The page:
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DayZ developer Bohemia Interactive has confirmed it plans to modify all versions of the game after it was banned by the Australian Classification Board (ACB).
Last week the ACB refused to issue the planned retail version of the survival shooter with an age rating, and then said it was working to ban the game entirely for apparently incentivizing the use of cannabis by including the drug as a consumable item.
It caused something of a stir given the digital version of DayZ had already been approved for sale on multiple occasions, and now it seems like Bohemia is going to play ball rather than try and take on the ACB.
Speaking to Kotaku Australia about the issue, the studio explained it will amend the game on a global scale, while ensuring gameplay remains authentic.
"We don't want to separate Australian players from the rest of the world, since many people play cross-region," commented the studio. "We love that DayZ is the place to meet with friends and experience the game without dramatic regional lag. We don’t want to change that.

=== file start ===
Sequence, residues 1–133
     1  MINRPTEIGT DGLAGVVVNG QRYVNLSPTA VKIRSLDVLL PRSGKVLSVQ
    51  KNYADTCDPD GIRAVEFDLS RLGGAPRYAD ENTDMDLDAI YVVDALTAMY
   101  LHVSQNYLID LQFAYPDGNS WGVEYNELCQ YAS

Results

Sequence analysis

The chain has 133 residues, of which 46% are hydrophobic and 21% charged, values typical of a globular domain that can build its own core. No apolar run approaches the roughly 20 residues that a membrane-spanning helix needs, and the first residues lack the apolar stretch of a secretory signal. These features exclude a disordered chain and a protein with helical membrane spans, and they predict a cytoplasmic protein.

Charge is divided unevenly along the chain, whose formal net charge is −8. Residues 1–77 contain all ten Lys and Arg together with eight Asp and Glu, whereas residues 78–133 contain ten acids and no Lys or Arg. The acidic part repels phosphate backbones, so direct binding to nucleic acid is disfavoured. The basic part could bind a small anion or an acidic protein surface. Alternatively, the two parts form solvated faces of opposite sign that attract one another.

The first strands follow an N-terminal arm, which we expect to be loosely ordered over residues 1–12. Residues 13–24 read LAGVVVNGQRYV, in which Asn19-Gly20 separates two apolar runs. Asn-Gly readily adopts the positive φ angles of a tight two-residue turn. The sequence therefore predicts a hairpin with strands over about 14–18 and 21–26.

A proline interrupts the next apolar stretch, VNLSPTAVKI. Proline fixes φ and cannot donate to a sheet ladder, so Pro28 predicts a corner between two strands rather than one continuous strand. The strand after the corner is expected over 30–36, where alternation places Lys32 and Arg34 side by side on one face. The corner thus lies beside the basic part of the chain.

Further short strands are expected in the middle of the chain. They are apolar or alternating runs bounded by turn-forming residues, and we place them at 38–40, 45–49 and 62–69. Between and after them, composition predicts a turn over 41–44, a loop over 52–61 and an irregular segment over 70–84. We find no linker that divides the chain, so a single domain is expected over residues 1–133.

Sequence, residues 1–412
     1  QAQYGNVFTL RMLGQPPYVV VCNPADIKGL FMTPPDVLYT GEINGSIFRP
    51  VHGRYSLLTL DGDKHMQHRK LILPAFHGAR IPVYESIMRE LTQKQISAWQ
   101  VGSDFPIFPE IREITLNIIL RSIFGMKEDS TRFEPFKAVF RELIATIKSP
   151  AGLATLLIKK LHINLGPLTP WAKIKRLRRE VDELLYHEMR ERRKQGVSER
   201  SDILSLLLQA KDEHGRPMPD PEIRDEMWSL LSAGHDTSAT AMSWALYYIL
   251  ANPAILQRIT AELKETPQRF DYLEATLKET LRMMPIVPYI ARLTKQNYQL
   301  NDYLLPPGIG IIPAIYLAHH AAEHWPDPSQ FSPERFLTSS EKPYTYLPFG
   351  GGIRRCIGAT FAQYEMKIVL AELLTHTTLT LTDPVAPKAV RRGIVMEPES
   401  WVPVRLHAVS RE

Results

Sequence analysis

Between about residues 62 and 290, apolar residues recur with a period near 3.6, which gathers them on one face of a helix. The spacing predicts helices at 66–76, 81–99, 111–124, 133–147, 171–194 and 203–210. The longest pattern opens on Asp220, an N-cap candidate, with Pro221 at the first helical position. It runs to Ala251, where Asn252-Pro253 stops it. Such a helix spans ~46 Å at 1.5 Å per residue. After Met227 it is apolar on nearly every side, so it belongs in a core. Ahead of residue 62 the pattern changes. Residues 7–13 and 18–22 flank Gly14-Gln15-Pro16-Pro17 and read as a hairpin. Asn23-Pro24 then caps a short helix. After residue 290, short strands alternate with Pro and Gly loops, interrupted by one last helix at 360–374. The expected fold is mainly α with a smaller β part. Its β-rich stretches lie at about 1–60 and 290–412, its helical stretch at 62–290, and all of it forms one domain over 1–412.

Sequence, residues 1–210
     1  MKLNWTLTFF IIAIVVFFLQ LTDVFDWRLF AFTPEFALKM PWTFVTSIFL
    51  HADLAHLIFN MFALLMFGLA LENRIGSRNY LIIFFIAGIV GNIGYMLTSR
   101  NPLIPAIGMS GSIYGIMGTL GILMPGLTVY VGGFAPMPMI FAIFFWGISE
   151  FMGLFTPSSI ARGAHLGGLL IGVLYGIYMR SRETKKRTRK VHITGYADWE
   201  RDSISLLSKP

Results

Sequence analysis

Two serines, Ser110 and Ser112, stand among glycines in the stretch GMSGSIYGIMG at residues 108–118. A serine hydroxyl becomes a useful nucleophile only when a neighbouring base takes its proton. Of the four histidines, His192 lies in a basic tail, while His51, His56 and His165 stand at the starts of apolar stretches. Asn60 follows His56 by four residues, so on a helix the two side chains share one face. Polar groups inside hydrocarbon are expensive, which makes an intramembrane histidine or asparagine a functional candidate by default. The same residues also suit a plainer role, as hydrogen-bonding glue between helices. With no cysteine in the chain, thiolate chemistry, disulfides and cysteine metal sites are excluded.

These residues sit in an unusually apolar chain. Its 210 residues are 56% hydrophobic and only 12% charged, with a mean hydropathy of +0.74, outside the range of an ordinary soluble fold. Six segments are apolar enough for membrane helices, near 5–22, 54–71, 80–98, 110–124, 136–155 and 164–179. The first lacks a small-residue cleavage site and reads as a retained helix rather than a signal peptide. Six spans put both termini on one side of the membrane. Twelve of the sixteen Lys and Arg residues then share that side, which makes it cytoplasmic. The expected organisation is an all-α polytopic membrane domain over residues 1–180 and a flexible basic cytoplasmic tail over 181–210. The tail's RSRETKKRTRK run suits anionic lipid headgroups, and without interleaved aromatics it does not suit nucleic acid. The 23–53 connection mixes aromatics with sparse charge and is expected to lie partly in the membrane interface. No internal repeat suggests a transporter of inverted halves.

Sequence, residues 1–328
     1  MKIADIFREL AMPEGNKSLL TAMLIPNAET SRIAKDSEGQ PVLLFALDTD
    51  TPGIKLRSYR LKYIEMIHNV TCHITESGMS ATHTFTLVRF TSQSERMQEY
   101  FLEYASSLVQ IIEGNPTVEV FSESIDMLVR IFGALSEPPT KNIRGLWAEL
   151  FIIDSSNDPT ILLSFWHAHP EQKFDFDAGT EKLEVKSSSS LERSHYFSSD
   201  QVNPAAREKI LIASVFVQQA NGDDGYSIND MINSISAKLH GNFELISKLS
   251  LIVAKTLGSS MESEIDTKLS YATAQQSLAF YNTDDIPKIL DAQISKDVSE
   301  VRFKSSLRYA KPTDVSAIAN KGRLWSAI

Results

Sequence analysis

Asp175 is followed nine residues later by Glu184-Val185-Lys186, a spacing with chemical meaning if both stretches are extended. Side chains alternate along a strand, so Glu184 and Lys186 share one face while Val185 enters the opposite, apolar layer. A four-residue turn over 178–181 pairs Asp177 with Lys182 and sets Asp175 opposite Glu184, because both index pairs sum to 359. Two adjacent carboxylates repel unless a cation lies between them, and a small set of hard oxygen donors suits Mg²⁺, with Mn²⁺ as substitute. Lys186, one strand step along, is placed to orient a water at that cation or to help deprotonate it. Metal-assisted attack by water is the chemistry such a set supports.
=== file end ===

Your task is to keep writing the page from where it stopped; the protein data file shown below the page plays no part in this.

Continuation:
"At the moment, we are editing the global version of DayZ so it will fit into the Board’s requirements. The key objective is to keep the gameplay as authentic as it was, so players are not affected by this change."
Although Bohemia didn't specify exactly what changes would be made to the game, the ACB has previously suggested removing cannabis or preventing players from using it for beneficial purposes would do the trick.
"If the use of cannabis within the context of this game did not act as an incentive or reward, its impact could therefore be accommodated within the R18+ classification," explained the ratings board. "The use of drugs (marijuana) as an incentive or reward during the gameplay exceeds what can be accommodated within the R18+ classification and therefore must be Refused Classification."